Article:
Apollo 17. The next pair have great sentimental value to me. After Apollo 17, Spock and Kirk went around to all of the NASA locations to thank the workers for their help with the mission. Spock put the tiny Lunar Lander into Mother’s hand and she gave it to me, her nerd daughter.


The Sea of Tranquility. The next pair, with matching pendant, is polymer “Ivory” with pearls. They remind me of the moon’s surface.

ivory pendant

Moon Shadows. The next pair have ostrich shell rounds and beads by StoneDesignsbySheila.


Moonstones Melody. The next pair have tiny cubical moonstones and tiny pearls with baroque pearl drops.


Red Moon Rising. The next pair have a harvest moon from my molten lava polymer clay and tiny Basha Beads.


Once in a Blue Moon is made from marbled polymer clay.


Thanks for going on this moon journey with me!



The March challenge for Art Bead Scene reminded me of paintings I’d seen of birches at twilight.

I am crazy about birches and have 531 pins of birch trees on my “Birches” board on Pinerest.

Here is the challenge painting:

Screen Shot 2015-03-02 at 10.11.23 PM

Edith Carr painted this in 1912 after a six week adventure into rural British Columbia. She called it “Haida Totems”. Birches grow in British Columbia and as far north as Alaska.

My twilight birch beads are inspired by Heather Power’s birch beads, although mine are much, much bigger than hers. I strung them with denim colored button pearls and amethysts.

I also entered the Bead Challenge this month, based on the same photo. Here are Indigo Goddesses.


You can see this month’s challenge at

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Dry Gulch Beads and Jewelry issued a challenge to make something in this palette:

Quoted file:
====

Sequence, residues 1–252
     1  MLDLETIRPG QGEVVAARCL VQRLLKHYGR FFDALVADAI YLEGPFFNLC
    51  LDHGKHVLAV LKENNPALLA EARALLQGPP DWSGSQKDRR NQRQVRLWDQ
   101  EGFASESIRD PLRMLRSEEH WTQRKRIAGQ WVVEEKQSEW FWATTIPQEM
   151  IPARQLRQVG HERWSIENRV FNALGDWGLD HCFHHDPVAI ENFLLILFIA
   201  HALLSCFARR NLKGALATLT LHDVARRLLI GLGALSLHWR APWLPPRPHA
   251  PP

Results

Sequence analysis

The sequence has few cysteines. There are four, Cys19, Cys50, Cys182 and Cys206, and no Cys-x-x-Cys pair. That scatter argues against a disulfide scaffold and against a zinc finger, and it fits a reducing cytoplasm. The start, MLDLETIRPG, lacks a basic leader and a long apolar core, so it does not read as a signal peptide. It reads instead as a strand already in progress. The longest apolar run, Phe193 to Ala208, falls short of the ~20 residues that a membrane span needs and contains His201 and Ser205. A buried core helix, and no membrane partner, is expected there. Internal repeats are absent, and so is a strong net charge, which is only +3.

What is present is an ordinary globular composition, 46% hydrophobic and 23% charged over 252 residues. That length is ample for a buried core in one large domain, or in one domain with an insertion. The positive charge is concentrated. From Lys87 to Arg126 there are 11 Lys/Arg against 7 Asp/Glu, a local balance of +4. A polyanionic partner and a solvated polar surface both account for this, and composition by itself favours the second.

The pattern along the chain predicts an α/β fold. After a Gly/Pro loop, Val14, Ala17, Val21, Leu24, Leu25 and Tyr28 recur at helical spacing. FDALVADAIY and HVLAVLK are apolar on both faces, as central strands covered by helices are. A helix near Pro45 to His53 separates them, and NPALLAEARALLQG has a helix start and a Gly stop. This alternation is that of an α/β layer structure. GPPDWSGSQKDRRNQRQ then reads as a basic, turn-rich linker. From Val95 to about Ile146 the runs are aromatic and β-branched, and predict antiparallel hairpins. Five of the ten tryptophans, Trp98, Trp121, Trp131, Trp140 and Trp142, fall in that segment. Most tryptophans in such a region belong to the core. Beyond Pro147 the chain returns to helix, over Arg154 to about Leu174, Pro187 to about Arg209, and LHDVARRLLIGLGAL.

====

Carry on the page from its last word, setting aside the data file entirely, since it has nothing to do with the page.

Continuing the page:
If you’ve been reading this blog long, you know I love a challenge.

I mixed up a translucent silver and three shades of translucent pink from the palette and made the lush, mature, gorgeous female figures for the earrings. I added silver-plated beads, wires and lever backs.

I HAD to photograph the earrings in my ice cream scoop!

Aren’t they beautiful!

They are available in my Etsy shop:

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Looking for the ABS Challenge? It is down three clicks! It was a month will a full heart!

This month’s challenge from Art Jewelry Elements was open to all!

The editors challenged us to use components created by the editors, rescued from our stashes of beads, and to make something from them.

I found SIX items in my stash from the Art Jewelry Elements editors.

I set to work.

The first earrings I created used two of Sue Kennedy’s Shimmer Beads and paired with with snowflake charms from MayaHoney. You can find Sue’s Shimmer Beads here:

I bought these beads during one of Sue’s wonderful sales.


Jen Cameron of AJE runs an amazing Art Charm Exchange and Charity Auction each fall. Jen’s shop is